But a small group prayer list that contains only such requests is incomplete. To build close friendships, you must share the concerns closest to your heart. And that means opening up.

Why We Don’t Share

Sharing from the heart is just plain hard. It’s unnatural, and I suspect we avoid sharing for two main reasons.

Sometimes we are not in touch with our battles against sin. Peter tells us that our lusts “wage war against the soul” (1 Peter 2:11). When we don’t fight, the conflict is one-sided, and our enemies are relentless.

Other times, we know our sin but don’t want to talk about it. For assorted reasons, we’re unwilling to let our friends see our areas of greatest need.

As we walk the path toward greater honesty, we need to acknowledge the steep climb. Let’s be patient with each other—we all have room to grow.

Why We Should Share

Most small group ministries are built on the “one another” commands in the Bible. (Here’s a great list.) God’s demands border on impossible without an intimate, commited community.

Consider how refreshing it would be to belong to a small group devoted to obeying God in these ways.

  • Therefore, confess your sins to one another and pray for one another, that you may be healed. (James 5:16)
  • Love one another with brotherly affection. Outdo one another in showing honor. (Rom 12:10)
  • Bear one another’s burdens, and so fulfill the law of Christ. (Gal 6:2)
  • Therefore encourage one another and build one another up, just as you are doing. (1 Thess 5:11)
  • Therefore, having put away falsehood, let each one of you speak the truth with his neighbor, for we are members one of another. (Eph 4:25)
  • Show hospitality to one another without grumbling. (1 Pet 4:9)

Each of these commands requires vulnerability. How can I bear my friend’s burdens if he doesn’t tell me what they are? How can we confess our sins to each other if we keep our hearts locked up tight? How will I know how to encourage my friend if I don’t know any of his deep struggles?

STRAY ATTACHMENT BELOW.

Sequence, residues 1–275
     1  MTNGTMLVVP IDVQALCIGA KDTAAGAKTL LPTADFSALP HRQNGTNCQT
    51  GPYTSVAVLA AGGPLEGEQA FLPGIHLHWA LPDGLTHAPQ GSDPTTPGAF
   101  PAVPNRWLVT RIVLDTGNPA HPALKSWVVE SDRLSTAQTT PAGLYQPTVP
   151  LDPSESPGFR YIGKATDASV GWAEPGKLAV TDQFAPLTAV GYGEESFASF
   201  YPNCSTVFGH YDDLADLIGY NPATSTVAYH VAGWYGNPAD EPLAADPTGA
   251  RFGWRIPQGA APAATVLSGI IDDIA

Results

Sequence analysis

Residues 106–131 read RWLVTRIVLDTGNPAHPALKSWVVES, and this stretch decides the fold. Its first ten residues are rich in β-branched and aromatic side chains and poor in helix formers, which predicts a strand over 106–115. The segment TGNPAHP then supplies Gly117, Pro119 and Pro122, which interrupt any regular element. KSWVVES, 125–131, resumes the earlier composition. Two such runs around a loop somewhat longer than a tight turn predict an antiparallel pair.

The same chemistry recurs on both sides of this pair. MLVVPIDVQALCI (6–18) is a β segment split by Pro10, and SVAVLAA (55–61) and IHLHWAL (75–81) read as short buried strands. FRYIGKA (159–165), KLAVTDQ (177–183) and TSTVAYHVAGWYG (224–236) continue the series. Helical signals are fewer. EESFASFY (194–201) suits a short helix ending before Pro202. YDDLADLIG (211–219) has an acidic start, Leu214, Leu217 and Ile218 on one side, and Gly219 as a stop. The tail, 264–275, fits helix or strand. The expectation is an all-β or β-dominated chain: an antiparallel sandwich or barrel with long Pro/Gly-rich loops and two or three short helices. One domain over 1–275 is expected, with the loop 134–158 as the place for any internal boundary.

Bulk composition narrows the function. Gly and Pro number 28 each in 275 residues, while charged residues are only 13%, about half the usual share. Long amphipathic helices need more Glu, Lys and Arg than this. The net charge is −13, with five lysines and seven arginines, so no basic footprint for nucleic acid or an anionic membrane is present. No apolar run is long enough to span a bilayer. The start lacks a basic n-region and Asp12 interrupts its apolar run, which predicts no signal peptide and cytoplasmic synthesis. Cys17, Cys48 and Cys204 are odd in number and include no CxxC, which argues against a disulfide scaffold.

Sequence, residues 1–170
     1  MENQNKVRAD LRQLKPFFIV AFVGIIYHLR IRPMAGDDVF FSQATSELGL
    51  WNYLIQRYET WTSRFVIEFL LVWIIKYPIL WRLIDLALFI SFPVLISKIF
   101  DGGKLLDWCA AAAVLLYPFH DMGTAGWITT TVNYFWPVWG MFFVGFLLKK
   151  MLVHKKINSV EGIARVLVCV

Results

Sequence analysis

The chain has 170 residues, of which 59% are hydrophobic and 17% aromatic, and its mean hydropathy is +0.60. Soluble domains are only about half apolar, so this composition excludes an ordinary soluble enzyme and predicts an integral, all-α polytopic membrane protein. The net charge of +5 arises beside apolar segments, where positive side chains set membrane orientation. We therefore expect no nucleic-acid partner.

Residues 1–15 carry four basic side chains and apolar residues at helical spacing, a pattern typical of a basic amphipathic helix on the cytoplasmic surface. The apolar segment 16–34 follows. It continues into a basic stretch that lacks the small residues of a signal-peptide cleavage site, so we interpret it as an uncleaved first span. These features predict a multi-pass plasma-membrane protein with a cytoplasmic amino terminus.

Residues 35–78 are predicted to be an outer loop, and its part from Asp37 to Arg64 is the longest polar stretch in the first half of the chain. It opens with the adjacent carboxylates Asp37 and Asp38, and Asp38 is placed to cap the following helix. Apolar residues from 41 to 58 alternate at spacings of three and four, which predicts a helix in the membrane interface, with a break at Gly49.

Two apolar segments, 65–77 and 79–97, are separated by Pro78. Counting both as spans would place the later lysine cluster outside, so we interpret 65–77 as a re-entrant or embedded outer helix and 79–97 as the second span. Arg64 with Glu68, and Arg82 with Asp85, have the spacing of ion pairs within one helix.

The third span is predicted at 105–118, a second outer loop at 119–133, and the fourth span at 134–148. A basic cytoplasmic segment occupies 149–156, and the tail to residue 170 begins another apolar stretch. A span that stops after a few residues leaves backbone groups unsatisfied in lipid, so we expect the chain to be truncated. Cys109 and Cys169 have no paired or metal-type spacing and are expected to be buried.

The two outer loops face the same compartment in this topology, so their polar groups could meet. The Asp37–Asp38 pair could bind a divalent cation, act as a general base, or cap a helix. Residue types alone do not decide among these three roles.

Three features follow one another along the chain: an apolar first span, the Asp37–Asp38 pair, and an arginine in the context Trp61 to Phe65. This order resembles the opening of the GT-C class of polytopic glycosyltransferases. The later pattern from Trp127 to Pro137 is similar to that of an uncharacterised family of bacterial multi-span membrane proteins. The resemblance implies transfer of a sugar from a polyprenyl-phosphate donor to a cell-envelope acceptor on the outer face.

We should share because God commands it. But God doesn’t issue commands on a whim. Sharing our struggles is good for us.

The Blessing of Sharing

As you open up to your friends, you might be surprised at the help you receive.

Because prayer is effective, God actually gives me strength in my fight against particular sins as my group prays for me. My friends can ask me questions and provide tangible support. They can preach the gospel to me on a regular basis.

As you share, you encourage others in your group to follow suit. And as others open up, you build a deeper sense of community within the group. Everyone is in a common fight. Your struggles aren’t exactly the same, but everyone has a battle and no one is strong enough to fight on their own.

Jesus Makes It Possible

Sharing like this is scary and counterintuitive. It might feel just the opposite of safe. But the gospel of Jesus changes everything.

Your sin is not a surprise to God. He knows it better than you. And, if you’re a Christian, his commitment to you is so deep and steadfast that no sin of yours can drive him away.

The sin you want to stuff down and hide is the same sin Jesus bore on the cross. He was made sin so that we might be made righteous (2 Cor 5:21).

We can share our sin because it no longer defines us. Our struggles against the flesh are real, but because of Jesus’s work we have real hope, real help, and real possibility of change. We don’t need to fear abandonment or exile—Jesus suffered that in our place and God is just.

What Does This Look Like?

If you’ve never been part of a small group that talked or prayed on this level, you might wonder how this looks in practice. How exactly do you share or confess your sins to your friends?

Check back next week. I’ll try to explain.


Photo Credit: Sydney Missionary Bible College (2005), Creative Commons License